By Winston S. Churchill
First published in 1938 by George G. Harrap & Co. Ltd., London
"Now the victors are the vanquished,((Speech of 24 March 1938)
and those who threw down their arms in the field and sued for an armistice
are striding on to world mastery."
Arms and the Covenant is the precursor to Churchill's famous war speeches. The book contains text from 41 Churchill speeches spanning 25 October 1928 to 24 March 1938. These criticize British foreign policy and warn prophetically of the coming danger.
The speeches were compiled by Churchill's son, Randolph, who contributed a preface and is credited with compilation on the title page and jacket spine. Randolph would do the same for his father's first volume of war speeches, Into Battle, published in an almost unrecognizable world less than three years later. The “Covenant” in the title of Arms and the Covenant refers to the League of Nations Covenant, the instrument that was to maintain peace in the wake of the First World War.
The world remembers the resolute war leader to whom the British turned, but it is easy to forget the years leading up to the war which Churchill spent persistent, eloquent, and largely unheeded. Churchill bibliographer Frederick Woods called this edition "probably the most crucial volume of speeches that he ever published." As testimony to the book's importance, a copy of the U.S. edition lay on "President Roosevelt's bedside table, with key passages, including an analysis of the president's peace initiative, underscored" (William Manchester's The Last Lion, Volume II, p.305).
The British first edition saw only a single printing of 5,000 copies published on 24 June 1938. Of these, at least 3,381 and perhaps more than 4,000 were sold with a distinctive pale blue first state dust jacket.
The balance - no more than 1,619 copies and quite likely fewer - were offered at a lower price in June 1940 bearing a striking yellow dust jacket. Because the price was reduced with the yellow dust jacket, this has often been called by bibliographers the "Cheap" issue. Given that Churchill had just become Prime Minister in May 1940, we submit it might be more fittingly and flatteringly called the "I Told You So" issue. The yellow dust jackets were issued on heavy, yellow laid paper printed red on the front face and spine with a blank rear face and rear flap. Given the yellow paper and red print, they obviously proved quite susceptible to soiling and the red spine lettering is nearly always quite faded. Today these yellow, wartime dust jackets are exceedingly rare and considerably more scarce than their pale blue first issue counterparts.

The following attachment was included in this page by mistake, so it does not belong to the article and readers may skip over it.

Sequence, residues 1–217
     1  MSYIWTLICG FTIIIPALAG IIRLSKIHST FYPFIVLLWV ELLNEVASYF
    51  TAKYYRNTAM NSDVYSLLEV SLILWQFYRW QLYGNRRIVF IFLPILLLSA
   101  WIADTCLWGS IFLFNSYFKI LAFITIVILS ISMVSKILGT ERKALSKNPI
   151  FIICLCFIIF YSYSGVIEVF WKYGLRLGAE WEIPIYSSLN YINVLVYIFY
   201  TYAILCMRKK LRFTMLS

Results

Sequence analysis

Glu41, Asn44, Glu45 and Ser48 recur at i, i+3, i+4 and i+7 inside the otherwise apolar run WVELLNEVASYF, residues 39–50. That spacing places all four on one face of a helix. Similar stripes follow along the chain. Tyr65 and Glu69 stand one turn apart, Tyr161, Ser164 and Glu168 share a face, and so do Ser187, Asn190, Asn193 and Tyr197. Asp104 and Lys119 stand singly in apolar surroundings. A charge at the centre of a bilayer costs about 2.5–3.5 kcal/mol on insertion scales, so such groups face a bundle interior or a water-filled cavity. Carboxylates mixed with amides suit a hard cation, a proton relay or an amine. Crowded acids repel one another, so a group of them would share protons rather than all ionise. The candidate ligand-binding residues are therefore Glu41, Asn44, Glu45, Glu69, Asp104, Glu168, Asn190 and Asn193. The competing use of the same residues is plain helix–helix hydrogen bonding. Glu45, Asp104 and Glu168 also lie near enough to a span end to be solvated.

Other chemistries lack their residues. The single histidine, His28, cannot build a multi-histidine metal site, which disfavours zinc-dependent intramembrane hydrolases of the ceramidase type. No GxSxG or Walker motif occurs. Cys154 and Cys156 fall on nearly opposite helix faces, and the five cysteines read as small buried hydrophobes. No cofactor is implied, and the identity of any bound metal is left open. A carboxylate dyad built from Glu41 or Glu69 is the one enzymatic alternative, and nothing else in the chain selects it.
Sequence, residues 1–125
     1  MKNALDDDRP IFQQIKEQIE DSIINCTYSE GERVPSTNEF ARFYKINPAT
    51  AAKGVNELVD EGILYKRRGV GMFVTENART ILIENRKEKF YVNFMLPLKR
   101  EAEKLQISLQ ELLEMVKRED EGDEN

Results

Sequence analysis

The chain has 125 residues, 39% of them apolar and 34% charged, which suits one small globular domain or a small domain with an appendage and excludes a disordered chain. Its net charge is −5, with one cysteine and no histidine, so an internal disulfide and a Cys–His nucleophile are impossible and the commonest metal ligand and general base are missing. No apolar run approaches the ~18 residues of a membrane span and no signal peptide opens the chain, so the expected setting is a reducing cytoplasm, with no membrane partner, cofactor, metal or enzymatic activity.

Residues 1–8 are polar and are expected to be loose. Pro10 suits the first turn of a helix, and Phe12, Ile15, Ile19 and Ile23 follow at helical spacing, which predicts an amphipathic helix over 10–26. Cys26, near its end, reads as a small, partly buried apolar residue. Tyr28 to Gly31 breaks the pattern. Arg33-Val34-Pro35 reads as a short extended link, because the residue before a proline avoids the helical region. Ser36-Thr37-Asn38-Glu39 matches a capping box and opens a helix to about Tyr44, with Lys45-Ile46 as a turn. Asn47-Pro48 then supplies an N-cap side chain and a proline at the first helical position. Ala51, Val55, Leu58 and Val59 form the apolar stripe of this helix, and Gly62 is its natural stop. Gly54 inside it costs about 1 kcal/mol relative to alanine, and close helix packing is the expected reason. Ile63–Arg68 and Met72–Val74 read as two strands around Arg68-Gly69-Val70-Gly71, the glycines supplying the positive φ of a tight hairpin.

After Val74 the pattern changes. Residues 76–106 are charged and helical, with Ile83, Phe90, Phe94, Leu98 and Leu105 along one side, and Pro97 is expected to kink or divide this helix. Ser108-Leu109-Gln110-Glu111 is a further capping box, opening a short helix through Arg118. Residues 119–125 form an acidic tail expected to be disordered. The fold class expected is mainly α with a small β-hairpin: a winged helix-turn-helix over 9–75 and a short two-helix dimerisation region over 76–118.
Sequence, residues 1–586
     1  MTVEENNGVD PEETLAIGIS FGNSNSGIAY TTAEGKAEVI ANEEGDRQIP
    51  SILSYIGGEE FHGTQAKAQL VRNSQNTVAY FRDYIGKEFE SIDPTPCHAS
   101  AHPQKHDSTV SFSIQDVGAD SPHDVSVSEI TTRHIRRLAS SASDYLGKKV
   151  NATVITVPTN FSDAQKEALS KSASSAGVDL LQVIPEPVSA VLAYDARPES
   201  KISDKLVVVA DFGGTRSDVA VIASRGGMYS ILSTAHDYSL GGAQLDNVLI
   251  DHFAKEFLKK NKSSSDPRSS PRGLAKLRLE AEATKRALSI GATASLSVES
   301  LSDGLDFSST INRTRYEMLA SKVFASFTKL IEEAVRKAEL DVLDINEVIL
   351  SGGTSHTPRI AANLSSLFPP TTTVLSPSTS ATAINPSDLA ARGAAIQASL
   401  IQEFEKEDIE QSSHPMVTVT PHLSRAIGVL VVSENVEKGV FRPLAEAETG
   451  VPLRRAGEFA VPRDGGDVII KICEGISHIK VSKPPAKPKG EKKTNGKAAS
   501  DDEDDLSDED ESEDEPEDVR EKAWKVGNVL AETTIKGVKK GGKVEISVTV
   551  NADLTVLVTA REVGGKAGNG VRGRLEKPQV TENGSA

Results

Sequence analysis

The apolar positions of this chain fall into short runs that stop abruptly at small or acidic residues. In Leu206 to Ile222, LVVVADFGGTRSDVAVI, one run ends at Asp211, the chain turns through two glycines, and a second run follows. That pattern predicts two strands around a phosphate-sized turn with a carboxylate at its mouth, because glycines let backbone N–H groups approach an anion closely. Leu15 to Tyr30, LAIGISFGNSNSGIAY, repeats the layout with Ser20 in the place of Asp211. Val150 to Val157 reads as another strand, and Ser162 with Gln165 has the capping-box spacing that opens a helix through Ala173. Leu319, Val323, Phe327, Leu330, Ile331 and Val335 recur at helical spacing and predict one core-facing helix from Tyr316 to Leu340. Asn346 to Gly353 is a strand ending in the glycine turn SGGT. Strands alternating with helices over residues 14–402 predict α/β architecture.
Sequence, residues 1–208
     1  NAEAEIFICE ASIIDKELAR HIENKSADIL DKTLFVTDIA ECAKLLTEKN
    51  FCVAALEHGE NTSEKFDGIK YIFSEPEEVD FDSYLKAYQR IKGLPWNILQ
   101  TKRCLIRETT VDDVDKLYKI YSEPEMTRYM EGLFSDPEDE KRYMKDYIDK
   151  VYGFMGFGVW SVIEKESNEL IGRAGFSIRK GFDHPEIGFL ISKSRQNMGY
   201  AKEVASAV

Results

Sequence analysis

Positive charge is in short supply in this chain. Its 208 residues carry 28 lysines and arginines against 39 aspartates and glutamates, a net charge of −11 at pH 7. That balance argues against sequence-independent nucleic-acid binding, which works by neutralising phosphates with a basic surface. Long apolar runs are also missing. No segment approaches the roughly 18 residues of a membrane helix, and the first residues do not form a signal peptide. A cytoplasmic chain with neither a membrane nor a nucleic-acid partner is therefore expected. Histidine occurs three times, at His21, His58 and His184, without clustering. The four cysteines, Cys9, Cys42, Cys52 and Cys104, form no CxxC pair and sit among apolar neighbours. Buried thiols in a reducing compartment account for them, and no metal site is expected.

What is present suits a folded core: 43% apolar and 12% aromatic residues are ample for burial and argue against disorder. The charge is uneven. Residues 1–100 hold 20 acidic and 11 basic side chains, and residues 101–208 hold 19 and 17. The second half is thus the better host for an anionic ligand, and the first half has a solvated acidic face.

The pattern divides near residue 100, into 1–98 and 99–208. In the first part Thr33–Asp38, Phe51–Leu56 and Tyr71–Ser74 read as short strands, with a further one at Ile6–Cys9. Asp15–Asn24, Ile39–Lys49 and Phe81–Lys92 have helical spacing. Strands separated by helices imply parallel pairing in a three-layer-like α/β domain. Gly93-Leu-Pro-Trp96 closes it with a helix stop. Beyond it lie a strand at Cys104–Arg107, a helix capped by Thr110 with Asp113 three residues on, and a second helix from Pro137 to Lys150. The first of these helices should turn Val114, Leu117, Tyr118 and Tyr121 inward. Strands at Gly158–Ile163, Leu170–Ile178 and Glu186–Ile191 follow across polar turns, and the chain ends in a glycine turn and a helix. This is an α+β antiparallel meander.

While the British first edition was published in late June 1938, the U.S. first edition was published at the end of September. These intervening months of course brought the world closer to war and Churchill closer to vindication. Whether it was the march of global events, sensationalist U.S. marketing sensibilities, or just comparative American candor, Putnam's suggested the U.S. title While England Slept. Thus the U.S. first edition is one of the few Churchill first editions for which the U.S. titles differs from the British.
The U.S. first edition is bound in smooth navy cloth with red banners, silver print, and red-stained top edge in the same style as the preceding U.S. first edition of Great Contemporaries (1937) and the succeeding U.S. first editions of Step by Step (1939) and Blood, Sweat, and Tears (1941). The striking U.S. first edition dust jacket bears a photo of Churchill and is printed in vivid red, black, and white. The U.S. edition saw four printings. The first and second printing dust jackets are identical, with changes to the third and fourth printings.
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